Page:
Indian Shot (a popular name for species of canna, especially C. Indica, which was for a long time the only one generally cultivated. Canna (from the Celtic cann, a cane) was formerly placed in the same family with the ginger and the banana, but botanists now make an order, the cannaceae, which includes this, the arrowroot, and some other less known plants. The cannas have large, fleshy root stocks, tall stems, clothed with large showy leaves, and bearing at the summit a spike of often handsome flowers of various shades of yellow, scarlet, and crimson; the flowers are irregular in structure; they have three outer colored divisions or calyx, within which are three parts corresponding to a corolla with a single stamen which has a petal-like filament and bears an anther on its margin; pistil with a petallike style and a three-celled ovary, which in ripening becomes a several-seeded very rough pod; the seeds are round, hard, and black, and sufficiently shot-like in appearance to warrant the common name. One species, G. flac-cida, is found in swamps along the coast from South. Carolina southward; it grows 4 ft. high and has yellow flowers 3 or 4 in. long.
The tubers of some species are edible and used as a table vegetable, while others have slight medicinal properties; the kind of arrowroot called tons les mois, chiefly used by the French, is made in the island of St. Christopher from the rhizomes of a canna, supposed to be C. edulis. The great interest possessed by the cannas is due to their effectiveness as decorative plants. Since beauty of form and stateliness of habit have come to be properly appreciated in gardening, great improvement has been made in cannas, and cultivators, especially those in the south of France, have by hybridizing and crossing obtained splendid results. In the now valued kinds the original species is lost, and they are known by garden rather than botanical names. There are now varieties from 2 ft. to 8 and 12 ft. high, with a remarkable diversity of foliage; in some the leaves are narrow, stiff, and erect, in others broad, very long, and graceful, while their shades of color vary from light glaucous green to blackish purple. While some are valued for their fine foliage only, others produce an abundance of handsome flowers, which have also been improved, and there can be nothing more effective than a well arranged group of the finer varieties of canna.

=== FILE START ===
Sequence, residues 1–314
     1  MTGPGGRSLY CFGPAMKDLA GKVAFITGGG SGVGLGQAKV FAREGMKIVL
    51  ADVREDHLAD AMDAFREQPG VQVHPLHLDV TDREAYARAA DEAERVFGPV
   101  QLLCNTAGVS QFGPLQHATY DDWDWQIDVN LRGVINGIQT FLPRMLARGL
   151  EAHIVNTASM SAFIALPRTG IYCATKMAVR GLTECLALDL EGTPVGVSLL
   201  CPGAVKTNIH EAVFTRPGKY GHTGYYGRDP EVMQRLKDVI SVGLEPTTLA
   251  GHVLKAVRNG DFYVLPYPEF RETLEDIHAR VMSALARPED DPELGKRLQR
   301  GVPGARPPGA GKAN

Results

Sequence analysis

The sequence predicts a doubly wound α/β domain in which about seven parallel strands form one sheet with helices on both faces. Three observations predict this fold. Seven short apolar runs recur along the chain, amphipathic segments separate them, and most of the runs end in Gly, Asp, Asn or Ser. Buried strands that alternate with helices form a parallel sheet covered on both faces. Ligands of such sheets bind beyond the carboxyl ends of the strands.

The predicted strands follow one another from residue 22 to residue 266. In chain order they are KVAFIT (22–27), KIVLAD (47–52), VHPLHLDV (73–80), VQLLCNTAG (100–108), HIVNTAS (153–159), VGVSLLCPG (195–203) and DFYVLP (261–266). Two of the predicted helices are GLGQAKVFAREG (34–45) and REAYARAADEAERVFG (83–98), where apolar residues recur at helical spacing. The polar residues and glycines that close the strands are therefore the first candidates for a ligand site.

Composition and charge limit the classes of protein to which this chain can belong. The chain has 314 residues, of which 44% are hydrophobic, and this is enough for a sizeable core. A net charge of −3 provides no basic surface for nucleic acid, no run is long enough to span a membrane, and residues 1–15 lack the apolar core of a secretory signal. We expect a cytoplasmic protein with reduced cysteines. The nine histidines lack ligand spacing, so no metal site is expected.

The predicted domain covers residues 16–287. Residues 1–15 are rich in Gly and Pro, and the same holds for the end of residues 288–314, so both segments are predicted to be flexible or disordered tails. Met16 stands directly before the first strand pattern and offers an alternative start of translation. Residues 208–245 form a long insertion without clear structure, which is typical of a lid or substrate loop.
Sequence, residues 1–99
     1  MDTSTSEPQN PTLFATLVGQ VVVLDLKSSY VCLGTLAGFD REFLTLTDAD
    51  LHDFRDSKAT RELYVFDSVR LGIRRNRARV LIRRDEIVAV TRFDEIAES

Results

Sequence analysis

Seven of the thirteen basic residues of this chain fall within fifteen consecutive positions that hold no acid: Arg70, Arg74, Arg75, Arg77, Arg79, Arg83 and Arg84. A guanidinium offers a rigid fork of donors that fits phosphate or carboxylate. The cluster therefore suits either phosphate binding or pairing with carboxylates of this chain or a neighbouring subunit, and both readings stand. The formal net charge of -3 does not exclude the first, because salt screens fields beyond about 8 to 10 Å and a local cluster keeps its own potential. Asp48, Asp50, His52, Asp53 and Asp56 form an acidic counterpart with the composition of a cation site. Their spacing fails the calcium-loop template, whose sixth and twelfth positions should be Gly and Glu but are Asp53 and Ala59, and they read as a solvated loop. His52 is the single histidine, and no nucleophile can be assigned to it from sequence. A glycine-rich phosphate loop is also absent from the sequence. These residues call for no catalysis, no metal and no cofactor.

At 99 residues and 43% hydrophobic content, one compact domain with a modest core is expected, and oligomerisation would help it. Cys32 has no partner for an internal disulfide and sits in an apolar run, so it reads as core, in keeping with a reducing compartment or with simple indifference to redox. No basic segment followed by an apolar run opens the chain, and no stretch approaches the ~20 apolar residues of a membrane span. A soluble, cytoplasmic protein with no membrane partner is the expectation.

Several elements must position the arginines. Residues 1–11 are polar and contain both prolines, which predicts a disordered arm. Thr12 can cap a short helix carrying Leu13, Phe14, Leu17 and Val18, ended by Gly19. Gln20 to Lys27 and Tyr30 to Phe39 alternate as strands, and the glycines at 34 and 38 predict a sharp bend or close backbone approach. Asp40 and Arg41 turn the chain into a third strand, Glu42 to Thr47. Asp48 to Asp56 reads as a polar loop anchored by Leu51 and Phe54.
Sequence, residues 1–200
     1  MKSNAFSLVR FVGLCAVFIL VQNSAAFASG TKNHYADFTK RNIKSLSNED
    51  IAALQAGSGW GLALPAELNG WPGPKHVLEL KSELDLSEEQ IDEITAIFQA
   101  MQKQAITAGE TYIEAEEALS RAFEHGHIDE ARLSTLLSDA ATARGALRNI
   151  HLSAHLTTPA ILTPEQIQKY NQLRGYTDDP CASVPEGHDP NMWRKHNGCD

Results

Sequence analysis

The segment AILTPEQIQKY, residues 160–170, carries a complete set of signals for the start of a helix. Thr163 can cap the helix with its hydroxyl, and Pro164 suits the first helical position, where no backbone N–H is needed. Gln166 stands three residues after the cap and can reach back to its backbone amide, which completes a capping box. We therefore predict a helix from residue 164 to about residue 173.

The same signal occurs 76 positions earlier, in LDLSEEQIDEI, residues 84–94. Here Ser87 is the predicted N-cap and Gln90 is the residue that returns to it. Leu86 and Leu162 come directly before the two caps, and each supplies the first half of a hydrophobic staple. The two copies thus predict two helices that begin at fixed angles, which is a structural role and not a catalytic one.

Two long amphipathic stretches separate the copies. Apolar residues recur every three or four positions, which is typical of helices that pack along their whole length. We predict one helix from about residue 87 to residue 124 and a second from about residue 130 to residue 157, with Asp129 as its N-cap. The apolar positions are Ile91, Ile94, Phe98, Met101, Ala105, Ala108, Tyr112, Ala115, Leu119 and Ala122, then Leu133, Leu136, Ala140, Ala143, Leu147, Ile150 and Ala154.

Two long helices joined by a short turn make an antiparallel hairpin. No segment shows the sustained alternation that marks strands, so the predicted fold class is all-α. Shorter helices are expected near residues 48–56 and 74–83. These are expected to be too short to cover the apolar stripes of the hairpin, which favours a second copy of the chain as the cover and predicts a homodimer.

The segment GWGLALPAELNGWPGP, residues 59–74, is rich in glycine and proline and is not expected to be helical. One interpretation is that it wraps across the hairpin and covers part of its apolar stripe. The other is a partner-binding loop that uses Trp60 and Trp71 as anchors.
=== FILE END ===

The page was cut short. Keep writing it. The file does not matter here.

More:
The choice varieties are multiplied by division, and plants are readily raised from seed, which may or may not be like the parent; the seeds should be scalded, and sown in a hotbed; they will germinate in the open ground, but the plants will not acquire much size the first year. The roots should be taken up at the first frost and kept in a dry place where they will not freeze; the next spring they are to be divided and set out when the soil has become warm.
Indian Shot (Canna Indica).